“Create activities like writing, making music, or even doing spreadsheet calculations have the potential to create engagement via flow, a mental state characterized by complete immersion in a task to the point where all sense of time and place falls away. As with mastering the piano or shooting free throws, expect writing fluency to demand dedication to daily practice over time, be patient. It took me three years before my writing became flow-worthy.” Onwards.

The third and final letter, Never Surrender, “Dear students and members of the Solo Community, I’m concerned about some of you. This letter was prompted by a potentially worrisome trend Doom Spending. According to recent reporting, Gen Z is splurging on luxury goods to soothe their economic despair. The headline goes on and says, ‘For younger generations, financial goals like buying a house and saving for retirement can feel out of reach.’ I get why youthful optimism has waned among Gen Z. You watch your government botch the pandemic response robbing many of you of important adolescent experiences and the resulting inflation, which the country has not seen since the early 1980s is cutting you off at the knees. The cost of a bag of groceries or even a burrito is ridiculous.”

“Rents are skyrocketing. The United States is nearly 6 million doors short because of poor urban planning and rampant nimbyism that keeps low-cost high-rise housing from being built and to borrow money to own one of those doors is also ridiculous due to said inflation. To top it off, AI is threatening to take away your entry-level jobs, the ones you were counting on to kickstart your career. Your social media habits aren’t helping. Half of Gen Z spends four hours a day on social media. TikTok is feeding you your peer’s constant complaints all while covering two catastrophic wars the United States is involved in.”

“Simultaneously, Instagram is feeding you life out of reach, a never-ending batch of more successful, better-looking people, taking vacations to exotic destinations, real or fake. When I was your age, the world too had its challenges. The US was in a recession. The LA riots had occurred in response to the Rodney King beating and the Gulf War had started. My friends and I knew about these events, but they were not ever present in our pockets. Moreover, the people we compared ourselves to were on campus, not across the globe.”

“In response to this pessimism, so the media story goes about 27% of Americans are engaged in doom spending with higher rates among millennials and Gen Z. For example, Nia Holland, a 24-year-old graduate student exemplified this trend by spending $2,500 on a vintage Chanel bag, a purchased the drained her savings, but provided her a sense of fulfillment amid economic and global uncertainties. Whereas the media characterized this behavior as a coping mechanism, I believe a better psychological explanation is related to the psychology of goals.”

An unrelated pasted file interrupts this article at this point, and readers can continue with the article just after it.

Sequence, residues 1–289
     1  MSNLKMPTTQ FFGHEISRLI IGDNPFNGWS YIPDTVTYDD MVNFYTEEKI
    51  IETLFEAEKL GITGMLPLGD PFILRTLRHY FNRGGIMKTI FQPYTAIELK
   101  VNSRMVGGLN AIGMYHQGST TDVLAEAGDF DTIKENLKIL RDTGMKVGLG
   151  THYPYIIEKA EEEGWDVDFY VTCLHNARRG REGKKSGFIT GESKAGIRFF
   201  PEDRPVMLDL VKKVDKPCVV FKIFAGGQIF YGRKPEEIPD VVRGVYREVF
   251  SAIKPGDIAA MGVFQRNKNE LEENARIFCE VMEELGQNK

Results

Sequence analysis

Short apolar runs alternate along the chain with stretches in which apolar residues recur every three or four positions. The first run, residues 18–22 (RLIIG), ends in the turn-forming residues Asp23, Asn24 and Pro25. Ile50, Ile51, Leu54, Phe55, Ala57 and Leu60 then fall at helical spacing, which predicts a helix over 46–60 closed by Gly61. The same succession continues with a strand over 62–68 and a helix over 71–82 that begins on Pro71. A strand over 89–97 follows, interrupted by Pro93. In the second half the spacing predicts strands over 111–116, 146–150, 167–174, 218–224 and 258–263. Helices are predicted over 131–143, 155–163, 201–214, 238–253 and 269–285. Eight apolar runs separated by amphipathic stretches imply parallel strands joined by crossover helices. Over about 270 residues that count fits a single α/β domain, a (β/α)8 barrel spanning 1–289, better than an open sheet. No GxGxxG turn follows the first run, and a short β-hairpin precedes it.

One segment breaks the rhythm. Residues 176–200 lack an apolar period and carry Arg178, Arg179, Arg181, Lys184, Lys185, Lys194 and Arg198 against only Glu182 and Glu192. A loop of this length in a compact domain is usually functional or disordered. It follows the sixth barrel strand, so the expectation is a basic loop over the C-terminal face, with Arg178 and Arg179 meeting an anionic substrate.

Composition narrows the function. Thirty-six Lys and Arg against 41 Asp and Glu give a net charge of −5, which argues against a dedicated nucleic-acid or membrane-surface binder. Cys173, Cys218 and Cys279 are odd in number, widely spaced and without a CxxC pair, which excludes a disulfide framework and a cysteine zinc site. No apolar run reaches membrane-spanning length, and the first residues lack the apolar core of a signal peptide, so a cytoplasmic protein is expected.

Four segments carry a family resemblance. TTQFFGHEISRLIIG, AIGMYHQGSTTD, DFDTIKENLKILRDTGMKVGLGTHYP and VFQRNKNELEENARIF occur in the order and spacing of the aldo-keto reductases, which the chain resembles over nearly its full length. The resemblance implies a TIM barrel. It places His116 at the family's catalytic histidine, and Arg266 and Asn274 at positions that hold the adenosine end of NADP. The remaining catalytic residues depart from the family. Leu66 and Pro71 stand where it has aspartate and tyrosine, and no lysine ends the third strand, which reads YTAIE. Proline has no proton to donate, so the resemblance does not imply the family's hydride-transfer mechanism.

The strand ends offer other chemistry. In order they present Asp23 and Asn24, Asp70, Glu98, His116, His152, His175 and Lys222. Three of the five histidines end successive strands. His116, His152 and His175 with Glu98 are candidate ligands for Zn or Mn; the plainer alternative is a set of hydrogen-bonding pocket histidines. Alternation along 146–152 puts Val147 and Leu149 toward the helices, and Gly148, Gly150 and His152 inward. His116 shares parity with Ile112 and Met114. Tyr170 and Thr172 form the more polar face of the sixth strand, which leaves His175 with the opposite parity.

“People balance a variety of short and long-term goals, many of which require sustained effort and delayed gratification. Want to be fit? Skip the soda and late-night binging and hit the gym or the pavement. Some reasons people give up their goals are positive. Goals get released when you achieve a goal or are close enough, it’s time to turn your attention to other important things. Seniors in college may take their foot off the gas and their courses, for example, when they get a job so that they can have a little more fun before graduation.”

“Sometimes another goal comes along that’s more important. The technical term for this is goal conflict. A senior in college may take his or her foot off the gas in a class in order to focus on finding a job. The reason for this mini-lesson on goals is the final reason. People give up on their goals. They surrender their hopes, dreams, and desires because they feel their goals are too far out of reach. I suspect this is what’s happening with these so-called Doom Spenders. Saving for a better life feels out of reach so they stopped saving and spend.”

“This concerns me to give up. Planning for a bright future guarantees a dim future. In other words, while being young and poor is okay, being old and poor is terrible. You can’t control inflation, but you can control your response to it. Viktor Frankl, the author of Man’s Search For Meaning, famously said, “Between stimulus and response, there is a space in that. Space is our power to choose our response, and our response lies, our growth and our freedom.” Start by recognizing that the good old days were not that good.”